In the end, much turned on the decision on the vote by the delegation from Kisii County, whose leader, Senator Chris Obure, reportedly donated a last-minute proxy in favour of the little-known Senator Hosea Ochwang’i, who cast the Kisii vote in favour of the amendments.

There were compelling arguments about the need for Senator Ochwang’i to consult with his co-delegate, Janet Ong’era, a requirement of the Constitution, and also about what should be made of the fact that Senator Obure, elected on an ODM ticket, had apparently defected to Jubilee without seeking a fresh mandate from the electorate that constituted his delegation.

Senator Gideon Moi, who had been expected to vote with the opposition, ended up supporting the Jubilee side. Senators of Kajiado and Narok counties, who had come under pressure from both Jubilee and Cord, stayed away during the vote, thus preserving their neutrality on the debate.

During the debate, the leadership of Speaker Ethuro was tested when a number of senators claimed that he had allowed a little more time before ordering the closing of the doors that would pave way for the voting to commence, to allow Senator Ochwang’i into the chambers. Claims also surfaced about irregularities affecting the Samburu delegation vote.

While the Mr Ethuro has avoided the withering criticism that has been reserved for his National Assembly counterpart, there is a sense in which he could have better guided the proceedings during the debate. Viewed in totality, the proceedings before the Senate had a certain sense of inevitability about them.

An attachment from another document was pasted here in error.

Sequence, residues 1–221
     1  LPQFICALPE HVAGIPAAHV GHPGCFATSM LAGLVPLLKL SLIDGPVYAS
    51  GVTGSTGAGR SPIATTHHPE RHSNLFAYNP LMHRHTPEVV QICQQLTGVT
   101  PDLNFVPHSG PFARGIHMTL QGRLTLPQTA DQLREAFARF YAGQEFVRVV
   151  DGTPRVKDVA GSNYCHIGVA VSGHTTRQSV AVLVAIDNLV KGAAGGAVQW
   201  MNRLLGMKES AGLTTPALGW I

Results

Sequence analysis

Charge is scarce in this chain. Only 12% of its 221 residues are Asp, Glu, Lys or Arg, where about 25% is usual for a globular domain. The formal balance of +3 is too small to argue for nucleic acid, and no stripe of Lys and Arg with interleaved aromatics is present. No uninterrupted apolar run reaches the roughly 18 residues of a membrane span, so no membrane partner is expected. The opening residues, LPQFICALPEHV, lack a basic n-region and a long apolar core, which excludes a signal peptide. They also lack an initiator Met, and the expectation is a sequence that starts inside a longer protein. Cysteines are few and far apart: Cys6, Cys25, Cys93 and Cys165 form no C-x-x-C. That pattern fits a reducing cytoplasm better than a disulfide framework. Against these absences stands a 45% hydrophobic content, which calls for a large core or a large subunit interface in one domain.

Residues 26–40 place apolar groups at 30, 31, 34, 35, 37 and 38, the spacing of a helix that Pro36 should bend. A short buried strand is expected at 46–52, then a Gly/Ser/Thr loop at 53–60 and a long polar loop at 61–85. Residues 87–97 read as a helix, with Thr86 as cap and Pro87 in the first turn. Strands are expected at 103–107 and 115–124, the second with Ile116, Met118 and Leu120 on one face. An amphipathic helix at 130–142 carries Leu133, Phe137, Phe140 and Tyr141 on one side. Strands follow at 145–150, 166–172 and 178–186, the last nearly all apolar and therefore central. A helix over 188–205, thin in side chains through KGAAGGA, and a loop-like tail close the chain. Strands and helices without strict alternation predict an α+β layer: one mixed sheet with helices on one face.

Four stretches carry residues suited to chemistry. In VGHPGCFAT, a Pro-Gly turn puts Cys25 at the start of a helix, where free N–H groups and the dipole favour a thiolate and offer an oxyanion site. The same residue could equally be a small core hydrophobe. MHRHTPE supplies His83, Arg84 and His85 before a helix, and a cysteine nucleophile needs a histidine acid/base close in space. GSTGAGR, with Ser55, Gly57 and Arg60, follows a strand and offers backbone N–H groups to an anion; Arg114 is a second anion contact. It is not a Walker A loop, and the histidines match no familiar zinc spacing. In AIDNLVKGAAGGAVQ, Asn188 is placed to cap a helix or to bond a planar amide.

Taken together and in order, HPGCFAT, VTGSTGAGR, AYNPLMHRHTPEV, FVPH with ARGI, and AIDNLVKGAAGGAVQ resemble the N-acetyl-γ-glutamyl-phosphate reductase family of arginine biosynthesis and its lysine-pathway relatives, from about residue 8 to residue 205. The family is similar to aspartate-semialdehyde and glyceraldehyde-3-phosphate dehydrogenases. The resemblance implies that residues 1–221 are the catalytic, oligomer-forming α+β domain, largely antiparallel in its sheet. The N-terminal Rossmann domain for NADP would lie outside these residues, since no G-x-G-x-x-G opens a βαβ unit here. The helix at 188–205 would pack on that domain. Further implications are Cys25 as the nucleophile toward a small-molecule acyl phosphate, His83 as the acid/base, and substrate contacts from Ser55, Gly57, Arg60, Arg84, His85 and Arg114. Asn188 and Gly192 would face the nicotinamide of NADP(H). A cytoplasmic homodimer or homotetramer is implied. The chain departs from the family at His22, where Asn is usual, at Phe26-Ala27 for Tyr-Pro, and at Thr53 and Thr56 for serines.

In retrospect, it seems that the Senate was set for a pre-determined outcome and that no reason was ever going to be good enough to stop that. Under the circumstances, all the motions before the vote were an act of window dressing, which would not affect the outcome.

Like the Supreme Court, which had promised so much but ended up delivering so little, the senate finds itself in the same position where, on an issue of some national importance, it was unable to rise to levels of leadership that would help to keep the country together.

The country goes into elections with Jubilee using its majorities in both houses of Parliament in a crushing manner that has left the opposition badly humiliated, and the country badly divided.

In the event of a major disagreement going forward, it is difficult to see what authorities remain which can mediate through such a crisis.

Source: Daily Nation

 

Why Kenya may be ill-prepared for elections Reviewed by on January 8, 2017 .

Share thisFacebookTwitterPinterestEmailWhatsAppMembers of the Senate Legal Affairs and Human Rights Committee during a hearing on the disputed electoral laws at County Hall in December. PHOTO | FILE | NATION MEDIA GROUP Why Kenya may be ill-prepared for elections Although all recent Kenyan elections have shown degrees of unpreparedness, the 2017 elections may end up becoming